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Kyoko Altman

Hong Kong, China

Kyoko Altman has worked as a correspondent and anchor for CNN and CNBC, and as a news-magazine reporter for Japan's top-ranked news program 'News Station' on TV Asahi. She has covered more than twenty countries. Close.

Kyoko Altman

Hong Kong, China

Kyoko Altman has worked as a correspondent and anchor for CNN and CNBC, and as a news-magazine reporter for Japan's top-ranked news program 'News Station' on TV Asahi. more »

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Distrust of National Leaders a Good Sign

The Current Discussion:A new poll finds widespread mistrust of world leaders. Are trustworthy national leaders a thing of the past? If not, who's an exception?

Mistrust in national leaders may be a healthy thing. One possibility is that the media is doing its job – examining and questioning the state of affairs. In a world reeling from the Iraq war, genocide in Sudan, skyrocketing oil prices, acute food shortage and a global economic downturn, it’s not surprising that a new international poll finds people mistrust today’s leaders. These leaders have failed to resolve these problems.

In the poll, Russia’s Vladimir Putin and China’s Hu Jintao fair better than many of their counterparts. Both of them are bosses of authoritarian states where the media is under their control. Their images are carefully honed. Criticism of their leadership can lead to arrest. Foreign correspondents are kept at bay, unable to get a close up look at the inner workings of their leadership. Their citizens voiced strong support for them but when combined with overseas’ responses, only 32 percent expressed confidence in Putin and 28 percent in Hu. That’s better than the 23 percent who say they believe in Bush - but not by much.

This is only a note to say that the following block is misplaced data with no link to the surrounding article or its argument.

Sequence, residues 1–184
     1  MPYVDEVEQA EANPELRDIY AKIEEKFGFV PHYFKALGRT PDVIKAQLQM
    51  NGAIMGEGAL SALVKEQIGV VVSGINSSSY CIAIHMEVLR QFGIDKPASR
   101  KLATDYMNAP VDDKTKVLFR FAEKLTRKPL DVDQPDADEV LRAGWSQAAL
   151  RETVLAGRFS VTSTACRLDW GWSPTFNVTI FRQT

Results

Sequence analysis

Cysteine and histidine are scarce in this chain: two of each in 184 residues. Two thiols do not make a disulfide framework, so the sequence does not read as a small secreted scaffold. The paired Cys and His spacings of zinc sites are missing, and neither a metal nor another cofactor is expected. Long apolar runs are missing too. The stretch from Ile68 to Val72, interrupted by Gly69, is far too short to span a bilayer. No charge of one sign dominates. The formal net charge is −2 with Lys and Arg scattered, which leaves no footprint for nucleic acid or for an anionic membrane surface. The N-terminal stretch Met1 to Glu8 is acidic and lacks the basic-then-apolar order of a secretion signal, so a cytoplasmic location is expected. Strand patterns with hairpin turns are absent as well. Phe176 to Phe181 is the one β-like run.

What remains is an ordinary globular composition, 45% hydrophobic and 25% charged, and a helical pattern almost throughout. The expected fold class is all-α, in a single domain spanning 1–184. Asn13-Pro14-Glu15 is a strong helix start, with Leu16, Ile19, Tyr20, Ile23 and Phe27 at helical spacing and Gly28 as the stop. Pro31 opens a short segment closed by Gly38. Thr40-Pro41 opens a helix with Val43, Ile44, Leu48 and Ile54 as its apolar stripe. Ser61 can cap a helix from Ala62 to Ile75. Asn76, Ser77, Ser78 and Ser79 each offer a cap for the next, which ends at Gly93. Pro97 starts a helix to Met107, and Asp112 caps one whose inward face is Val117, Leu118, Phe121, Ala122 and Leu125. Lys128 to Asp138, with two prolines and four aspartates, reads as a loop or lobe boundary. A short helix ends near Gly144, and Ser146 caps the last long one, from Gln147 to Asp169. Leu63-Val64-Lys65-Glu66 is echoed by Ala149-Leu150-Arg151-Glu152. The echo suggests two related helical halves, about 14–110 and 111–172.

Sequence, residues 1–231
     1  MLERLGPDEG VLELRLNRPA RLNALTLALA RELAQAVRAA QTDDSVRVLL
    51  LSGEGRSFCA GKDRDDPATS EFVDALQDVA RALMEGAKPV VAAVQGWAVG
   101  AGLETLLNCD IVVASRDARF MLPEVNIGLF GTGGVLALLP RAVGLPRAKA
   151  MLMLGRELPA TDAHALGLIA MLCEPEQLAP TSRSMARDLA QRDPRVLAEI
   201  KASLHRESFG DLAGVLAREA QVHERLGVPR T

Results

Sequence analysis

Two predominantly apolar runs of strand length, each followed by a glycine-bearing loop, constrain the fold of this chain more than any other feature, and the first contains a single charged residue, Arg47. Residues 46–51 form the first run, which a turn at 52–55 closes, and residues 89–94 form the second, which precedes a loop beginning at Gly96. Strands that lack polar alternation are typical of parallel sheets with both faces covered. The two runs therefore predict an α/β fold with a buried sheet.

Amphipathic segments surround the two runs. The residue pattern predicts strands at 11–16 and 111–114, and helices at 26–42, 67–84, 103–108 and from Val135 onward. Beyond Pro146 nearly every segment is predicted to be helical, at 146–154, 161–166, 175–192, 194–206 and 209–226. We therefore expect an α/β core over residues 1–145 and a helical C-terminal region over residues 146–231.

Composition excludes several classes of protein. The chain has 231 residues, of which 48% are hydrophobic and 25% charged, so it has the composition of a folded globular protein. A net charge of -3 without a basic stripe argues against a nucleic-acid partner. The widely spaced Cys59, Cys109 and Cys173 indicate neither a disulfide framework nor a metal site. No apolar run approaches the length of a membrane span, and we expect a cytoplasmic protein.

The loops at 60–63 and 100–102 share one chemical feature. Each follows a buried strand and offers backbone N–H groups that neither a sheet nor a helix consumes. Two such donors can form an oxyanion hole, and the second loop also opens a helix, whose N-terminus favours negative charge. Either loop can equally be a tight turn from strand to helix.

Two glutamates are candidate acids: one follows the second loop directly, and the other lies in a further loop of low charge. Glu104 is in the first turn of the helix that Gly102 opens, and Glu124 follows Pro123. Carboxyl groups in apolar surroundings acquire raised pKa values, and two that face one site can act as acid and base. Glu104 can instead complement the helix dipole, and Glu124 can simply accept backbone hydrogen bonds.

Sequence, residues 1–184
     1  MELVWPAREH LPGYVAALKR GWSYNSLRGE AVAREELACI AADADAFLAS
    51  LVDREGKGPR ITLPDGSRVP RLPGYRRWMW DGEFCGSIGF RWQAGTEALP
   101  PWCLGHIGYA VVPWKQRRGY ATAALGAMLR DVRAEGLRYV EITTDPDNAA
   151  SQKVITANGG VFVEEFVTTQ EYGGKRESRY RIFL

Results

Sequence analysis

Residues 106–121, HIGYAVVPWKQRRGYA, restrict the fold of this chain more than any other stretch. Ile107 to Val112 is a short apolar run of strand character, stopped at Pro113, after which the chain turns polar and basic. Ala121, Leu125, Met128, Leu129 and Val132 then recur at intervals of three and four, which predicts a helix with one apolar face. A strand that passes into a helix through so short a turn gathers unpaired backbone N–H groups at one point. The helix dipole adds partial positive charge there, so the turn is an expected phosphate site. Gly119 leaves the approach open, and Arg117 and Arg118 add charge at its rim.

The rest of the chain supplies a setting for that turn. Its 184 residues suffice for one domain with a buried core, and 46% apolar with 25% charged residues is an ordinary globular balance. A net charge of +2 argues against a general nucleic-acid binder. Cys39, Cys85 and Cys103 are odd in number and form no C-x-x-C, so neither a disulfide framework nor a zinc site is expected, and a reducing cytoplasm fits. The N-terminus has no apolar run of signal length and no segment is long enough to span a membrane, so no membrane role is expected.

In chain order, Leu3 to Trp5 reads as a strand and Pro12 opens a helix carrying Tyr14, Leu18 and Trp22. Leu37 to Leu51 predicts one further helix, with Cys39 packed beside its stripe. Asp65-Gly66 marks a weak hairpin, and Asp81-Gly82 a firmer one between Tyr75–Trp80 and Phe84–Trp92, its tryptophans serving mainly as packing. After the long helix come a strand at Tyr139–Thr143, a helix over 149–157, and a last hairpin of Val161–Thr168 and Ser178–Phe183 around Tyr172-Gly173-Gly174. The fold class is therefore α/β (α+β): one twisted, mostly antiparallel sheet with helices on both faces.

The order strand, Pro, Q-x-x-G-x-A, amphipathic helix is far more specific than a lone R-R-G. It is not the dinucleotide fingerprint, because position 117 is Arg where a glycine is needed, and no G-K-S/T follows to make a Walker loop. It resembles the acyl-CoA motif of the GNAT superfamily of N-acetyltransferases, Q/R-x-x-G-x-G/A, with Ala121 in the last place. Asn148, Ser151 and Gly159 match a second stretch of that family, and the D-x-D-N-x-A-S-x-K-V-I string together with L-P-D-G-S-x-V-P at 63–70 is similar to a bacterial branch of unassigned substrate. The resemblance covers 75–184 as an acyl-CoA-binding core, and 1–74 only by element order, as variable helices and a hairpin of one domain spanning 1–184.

With the internet and new technology enabling news to travel faster and further around the world – even seeping into places like China and Russia – today’s leaders face far more scrutiny than their predecessors have ever before. Of course the media is far from perfect, but better that people be skeptical than blindly trust their leaders.

So can there be a head of state who can withstand intense global scrutiny and emerge trustworthy? The poll finds that respondents expressed the most confidence in Ban Ki-moon, Secretary General of the United Nations. Ban is not a national leader. As the head of an international organization, he has limited power to do much on his own. Still, the confidence in Ban suggests that people are turning to international leaders for leadership. They want someone who does not have a national agenda to tackle the problems that are now increasingly global. If this is the case, it is time for national leaders who’ve lost credibility to work more closely with international leaders like Ban who inspire trust. International leaders need to be empowered to do more on the global stage.

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